Well, let me tell you from experience, a big chunk of these will default and you’ll get nothing. Some will pay off the full $70 but that’ll be offset by your losses. There’s a very good reason that these people have lower credit ratings and the higher interest rates they have to pay are higher so that people will be more willing to take the risk and lend to them. The C through F credit ratings are kind of a craps shoot. It’s not necessarily bad if you’re willing to be more aggressive but these shouldn’t be the bulk of your notes.
Playing it safe on Lending Club will get you a decent return. Notes with A and B ratings are pretty safe and still give you around 6-10% return. I typically stay in this range these days.
Investing in Stocks
This is for when you have more money to invest. If you try to invest tiny amounts you’ll likely eat up any of your profit with the trading fees. You’ll probably want at least a few hundred dollars at least just to get into investing.
Investing of course can be pretty risky if you don’t know what you’re doing. In fact, even people who know what they’re doing aren’t making the big deals where they’re buying startup Microsoft or Apple stocks and then quickly becoming millionaires. Most people buy stocks through their 401k accounts and sit on the stocks for most of their careers while only dabbling in purchasing stocks they specifically want to own.
One strategy of investing is called dollar-cost averaging (DCA). Using this strategy, you’d buy the stock you think is undervalued a little at a time over the course of many years. Sometimes the stock will be high, sometimes it’ll be low, but overall, you’re buying all the time with the understanding that you’re going to be achieving an average rate of return on the stock when you decide to sell it in the end.
This strategy is for people who know that it’s really difficult to time the market and make big money on buying and selling all the time. However, this is not the kind of strategy I’m really interested in getting into on this site. If you need more information on dollar-cost averaging, once again I’d recommend (once again) I Will Teach You To Be Rich by Ramit Sethi. He covers this topic and why it’s a good idea better than I likely will, given that DCA is not part of the passive income strategy I’m writing about.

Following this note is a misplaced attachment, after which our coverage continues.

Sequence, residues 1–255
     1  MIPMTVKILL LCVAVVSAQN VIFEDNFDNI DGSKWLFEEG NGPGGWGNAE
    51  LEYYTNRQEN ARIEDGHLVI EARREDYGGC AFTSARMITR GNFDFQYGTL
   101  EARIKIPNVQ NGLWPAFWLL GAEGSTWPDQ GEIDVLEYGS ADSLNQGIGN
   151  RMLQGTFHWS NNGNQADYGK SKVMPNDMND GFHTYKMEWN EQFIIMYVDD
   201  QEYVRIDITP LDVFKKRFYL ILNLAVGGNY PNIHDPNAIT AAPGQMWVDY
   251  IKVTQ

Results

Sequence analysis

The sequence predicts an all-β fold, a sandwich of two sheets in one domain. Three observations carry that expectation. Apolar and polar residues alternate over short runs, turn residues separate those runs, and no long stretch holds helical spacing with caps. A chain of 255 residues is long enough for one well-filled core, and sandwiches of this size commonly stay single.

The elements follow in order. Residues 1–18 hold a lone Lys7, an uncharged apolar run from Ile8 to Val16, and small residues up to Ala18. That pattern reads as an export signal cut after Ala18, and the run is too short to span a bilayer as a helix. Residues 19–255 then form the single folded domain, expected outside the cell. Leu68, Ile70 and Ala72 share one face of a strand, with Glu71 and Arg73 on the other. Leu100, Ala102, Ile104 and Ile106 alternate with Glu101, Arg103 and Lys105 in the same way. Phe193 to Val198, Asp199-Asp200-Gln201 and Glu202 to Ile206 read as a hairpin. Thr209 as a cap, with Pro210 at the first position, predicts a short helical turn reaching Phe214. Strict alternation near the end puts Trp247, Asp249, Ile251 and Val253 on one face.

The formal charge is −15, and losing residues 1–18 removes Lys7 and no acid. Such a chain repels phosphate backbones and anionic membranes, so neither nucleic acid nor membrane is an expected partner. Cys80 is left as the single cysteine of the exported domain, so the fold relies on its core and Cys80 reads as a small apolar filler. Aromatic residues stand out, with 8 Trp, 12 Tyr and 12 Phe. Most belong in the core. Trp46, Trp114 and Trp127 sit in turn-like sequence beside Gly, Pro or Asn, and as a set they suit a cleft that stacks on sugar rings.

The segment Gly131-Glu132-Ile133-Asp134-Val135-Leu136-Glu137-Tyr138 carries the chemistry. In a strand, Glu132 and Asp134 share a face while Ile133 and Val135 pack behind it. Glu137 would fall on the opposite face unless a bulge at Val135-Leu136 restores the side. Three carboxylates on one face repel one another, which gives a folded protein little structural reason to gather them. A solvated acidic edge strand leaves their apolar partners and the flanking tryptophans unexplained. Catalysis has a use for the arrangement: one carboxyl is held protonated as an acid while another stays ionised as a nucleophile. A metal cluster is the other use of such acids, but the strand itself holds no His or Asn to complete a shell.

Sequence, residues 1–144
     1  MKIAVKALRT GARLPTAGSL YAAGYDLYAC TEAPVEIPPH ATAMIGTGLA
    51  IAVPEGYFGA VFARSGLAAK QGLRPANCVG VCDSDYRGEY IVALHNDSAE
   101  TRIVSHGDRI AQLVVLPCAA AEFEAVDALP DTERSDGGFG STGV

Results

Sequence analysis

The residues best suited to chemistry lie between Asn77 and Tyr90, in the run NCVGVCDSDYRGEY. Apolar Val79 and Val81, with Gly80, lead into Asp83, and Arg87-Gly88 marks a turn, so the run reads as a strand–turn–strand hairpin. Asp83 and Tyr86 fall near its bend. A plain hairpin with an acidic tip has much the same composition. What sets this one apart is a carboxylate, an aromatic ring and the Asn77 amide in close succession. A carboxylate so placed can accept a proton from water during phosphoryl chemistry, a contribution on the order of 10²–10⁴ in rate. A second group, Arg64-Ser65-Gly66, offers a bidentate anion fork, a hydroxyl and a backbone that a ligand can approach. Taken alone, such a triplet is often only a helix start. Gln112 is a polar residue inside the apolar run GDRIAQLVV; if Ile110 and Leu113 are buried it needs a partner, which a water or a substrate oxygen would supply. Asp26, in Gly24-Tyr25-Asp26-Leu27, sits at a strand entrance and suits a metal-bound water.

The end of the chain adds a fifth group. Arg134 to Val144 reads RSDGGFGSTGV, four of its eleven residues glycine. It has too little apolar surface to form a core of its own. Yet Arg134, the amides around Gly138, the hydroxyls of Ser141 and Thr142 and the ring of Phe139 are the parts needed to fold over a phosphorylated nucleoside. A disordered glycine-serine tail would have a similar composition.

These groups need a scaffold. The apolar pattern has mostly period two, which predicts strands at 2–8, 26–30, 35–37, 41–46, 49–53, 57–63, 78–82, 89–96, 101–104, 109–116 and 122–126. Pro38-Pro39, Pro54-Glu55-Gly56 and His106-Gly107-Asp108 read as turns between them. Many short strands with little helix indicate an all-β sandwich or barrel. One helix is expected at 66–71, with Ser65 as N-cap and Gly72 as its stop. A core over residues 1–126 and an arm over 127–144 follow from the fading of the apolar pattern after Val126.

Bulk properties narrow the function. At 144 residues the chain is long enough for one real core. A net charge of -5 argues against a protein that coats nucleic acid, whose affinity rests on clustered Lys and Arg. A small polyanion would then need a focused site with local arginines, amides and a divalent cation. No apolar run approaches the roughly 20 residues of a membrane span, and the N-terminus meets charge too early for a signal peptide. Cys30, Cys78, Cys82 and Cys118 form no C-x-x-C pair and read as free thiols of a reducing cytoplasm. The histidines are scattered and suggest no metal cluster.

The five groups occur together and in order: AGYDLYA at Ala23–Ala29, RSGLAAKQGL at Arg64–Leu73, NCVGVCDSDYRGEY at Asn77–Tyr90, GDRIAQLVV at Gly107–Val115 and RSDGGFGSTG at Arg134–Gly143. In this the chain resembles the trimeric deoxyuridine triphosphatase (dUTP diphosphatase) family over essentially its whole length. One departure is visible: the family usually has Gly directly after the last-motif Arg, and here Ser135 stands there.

I’ve said it before but I’ll say it again. Stocks that pay dividends regularly are known as value stocks. Typically, they’re pretty stable and pay out regular dividends so you can rely on getting some regular income out of them. The dividends are usually, by default, automatically reinvested to buy additional shares but you may be able to specify that you want to have the funds put into your investing account instead (check with your investing institution). I typically just let them get me more stock. More stock means more dividends in the future.
Here’s the hard part.
You need to do some research and if you don’t know how to do some research then you need to do some reading or take a class and get educated. If you’re just buying stocks blindly then you’re just gambling. I’m not suggesting that you need to do a full valuation of the company but you should have some knowledge of the basic financial indicators (EPS, PE ratio, yield, beta, price/sales, price/book, etc.). I’m warning you, if you get into some stocks without doing your research, you’re on your own. Ok, either way, once you start investing, you’re on your own.
Once you get yourself educated.
Buy some stocks that have a yield, that’s a dividend yield (if you’ve actually got yourself education, I shouldn’t have to tell you what yield is). Some pay barely anything back and some pay back lots.
Decide what’s best for you, buying one share of $100 stock that pays out 5% will pay you the same as 1000 shares of a $0.10 stock that pays a dividend of 5%. What’s the difference? You can bet that the penny stock isn’t going to be around much longer (which you should know if you understand their financials at all). Stay away from the penny stocks. If their price is that low, there’s a reason. Spend the money you have on a good company.
Final words on investing
Seriously, it’s a good way to make money but you can always lose it too. Investing in stock should also be fore the long run. If you don’t have patience, it’s probably not for you. It will go up, it will go down; periodically check to see if the business is still worth owning. Also, know the difference in taxation between selling a stock that you’ve had for less than a year and one that you’ve had more than a year. If you sell in less than a year you’ll pay more in taxes. Speak with an accountant if you need it.